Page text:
Benjamin Barry is an advertising executive and ladies' man who, to win a big campaign, bets that he can make a woman fall in love with him in 10 days. Andie Anderson covers the "How To" beat for "Composure" magazine and is assigned to write an article on "How to Lose a Guy in 10 days." They meet in a bar shortly after the bet is made.
When her brother decides to ditch for a couple weeks, Viola heads over to his elite boarding school, disguised as him, and proceeds to fall for his school's star soccer player, and soon learns she's not the only one with romantic troubles.
Sassy postgrad Elle Woods is all about animal rights. In fact, she puts her nuptial plans on hold to head to Washington, D.C. to get an anti-animal testing bill passed. Her building's doorman quickly shows her the ways and workings of our nation's capital.
The scenes on the steps of the U.S. Capitol were filmed at the Utah State Capitol. The scenes inside the Capitol were actually filmed at the Illinois State Capitol Building. Both were modelled after and look similar to the national Capitol. Many Salt Lake City and Springfield locals took parts as extras in the movie. See more »
In the hearing for Bruiser's Bill, Elle puts Bruiser in his bag on the table beside her. You can hear her say "my best friend" but as there's a cut to a close-up of Bruiser, you can see Elle's lips in the right hand corner, forming the words "my best friend" silently. See more »
An honest voice is louder then a crowd's.
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"Legally Blonde" didn't exactly cry for a sequel but we got one anyways. The plot is really silly and unrealistic...but if you can get over that you might enjoy yourself.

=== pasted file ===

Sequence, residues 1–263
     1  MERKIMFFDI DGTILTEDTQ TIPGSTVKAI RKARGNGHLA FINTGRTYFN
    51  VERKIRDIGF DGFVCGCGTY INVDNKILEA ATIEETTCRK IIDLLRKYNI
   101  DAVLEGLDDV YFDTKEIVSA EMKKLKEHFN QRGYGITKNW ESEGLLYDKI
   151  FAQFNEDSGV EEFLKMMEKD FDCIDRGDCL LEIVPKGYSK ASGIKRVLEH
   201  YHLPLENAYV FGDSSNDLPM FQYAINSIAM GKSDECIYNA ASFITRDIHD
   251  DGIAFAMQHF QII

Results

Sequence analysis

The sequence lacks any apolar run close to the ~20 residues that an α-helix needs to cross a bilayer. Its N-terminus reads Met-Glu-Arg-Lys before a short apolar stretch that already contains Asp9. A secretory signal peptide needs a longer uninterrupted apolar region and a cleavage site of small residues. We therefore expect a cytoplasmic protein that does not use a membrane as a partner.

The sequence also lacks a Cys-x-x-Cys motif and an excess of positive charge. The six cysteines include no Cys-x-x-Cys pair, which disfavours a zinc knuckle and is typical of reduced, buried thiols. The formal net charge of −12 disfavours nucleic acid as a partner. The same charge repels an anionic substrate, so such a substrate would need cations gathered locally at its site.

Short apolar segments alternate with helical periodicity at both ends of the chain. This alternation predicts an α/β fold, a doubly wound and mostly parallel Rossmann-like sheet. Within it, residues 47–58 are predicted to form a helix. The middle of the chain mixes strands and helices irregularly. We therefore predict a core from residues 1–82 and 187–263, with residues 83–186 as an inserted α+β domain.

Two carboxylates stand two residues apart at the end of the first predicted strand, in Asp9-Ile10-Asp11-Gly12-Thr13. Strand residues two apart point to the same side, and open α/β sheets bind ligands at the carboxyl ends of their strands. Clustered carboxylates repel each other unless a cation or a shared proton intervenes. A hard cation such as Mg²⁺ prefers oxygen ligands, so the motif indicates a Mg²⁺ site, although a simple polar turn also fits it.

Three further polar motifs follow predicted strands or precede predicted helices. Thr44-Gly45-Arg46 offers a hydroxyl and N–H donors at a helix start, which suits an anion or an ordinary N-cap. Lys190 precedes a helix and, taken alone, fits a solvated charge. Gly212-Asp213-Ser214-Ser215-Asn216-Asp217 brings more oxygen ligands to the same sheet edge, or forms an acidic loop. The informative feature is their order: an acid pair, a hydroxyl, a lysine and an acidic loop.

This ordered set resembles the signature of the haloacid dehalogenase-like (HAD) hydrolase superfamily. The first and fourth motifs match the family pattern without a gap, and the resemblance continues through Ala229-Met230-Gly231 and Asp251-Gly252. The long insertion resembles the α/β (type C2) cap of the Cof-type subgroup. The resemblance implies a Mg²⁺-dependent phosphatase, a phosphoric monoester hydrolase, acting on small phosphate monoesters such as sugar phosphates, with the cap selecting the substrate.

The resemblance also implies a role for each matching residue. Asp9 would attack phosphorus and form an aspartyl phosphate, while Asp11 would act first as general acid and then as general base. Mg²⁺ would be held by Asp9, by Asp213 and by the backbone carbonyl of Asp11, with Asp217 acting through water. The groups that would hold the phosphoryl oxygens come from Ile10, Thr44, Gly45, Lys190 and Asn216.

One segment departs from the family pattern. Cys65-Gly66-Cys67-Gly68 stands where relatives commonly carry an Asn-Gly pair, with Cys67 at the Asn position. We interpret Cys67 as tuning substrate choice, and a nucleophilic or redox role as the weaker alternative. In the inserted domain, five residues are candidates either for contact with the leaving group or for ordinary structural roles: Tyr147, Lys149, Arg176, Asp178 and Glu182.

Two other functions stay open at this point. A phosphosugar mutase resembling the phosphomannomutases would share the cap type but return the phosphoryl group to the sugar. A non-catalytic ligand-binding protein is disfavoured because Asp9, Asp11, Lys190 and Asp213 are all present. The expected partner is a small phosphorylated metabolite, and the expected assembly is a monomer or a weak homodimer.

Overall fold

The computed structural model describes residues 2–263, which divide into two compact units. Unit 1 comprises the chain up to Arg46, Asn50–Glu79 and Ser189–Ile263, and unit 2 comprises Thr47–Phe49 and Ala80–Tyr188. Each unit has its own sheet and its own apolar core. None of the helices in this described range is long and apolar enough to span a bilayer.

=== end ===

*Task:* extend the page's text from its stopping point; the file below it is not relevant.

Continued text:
Reese Witherspoon is, once again, dynamic as Elle Woods. She's impossible to dislike and plays her character to the hilt...she doesn't make her too dumb, too smart or too sweet...she plays it straight down the middle which works. Also on hand is Luke Wilson (wasted again) as Elle's boyfriend and Elle's two hysterically funny best friends from the first movie. Also it's great to see Bob Newhart and Sally Fields back on screen again (Newhart is great--Fields is so-so).
Unfortunately, the script has severe problems. It has some truly funny lines and clever sequences--the Delta Nus "invasion" of Washington is worth the price of admission--but it also has more than its share of unfunny bits and dead spots--too many of them in fact. So, I seriously can't give it a full recommendation--just a partial one.
Best moments--the aforementioned "invasion" and a Republican senator who's an NRA spokesman admitting his dog is gay--and he loves him for it!
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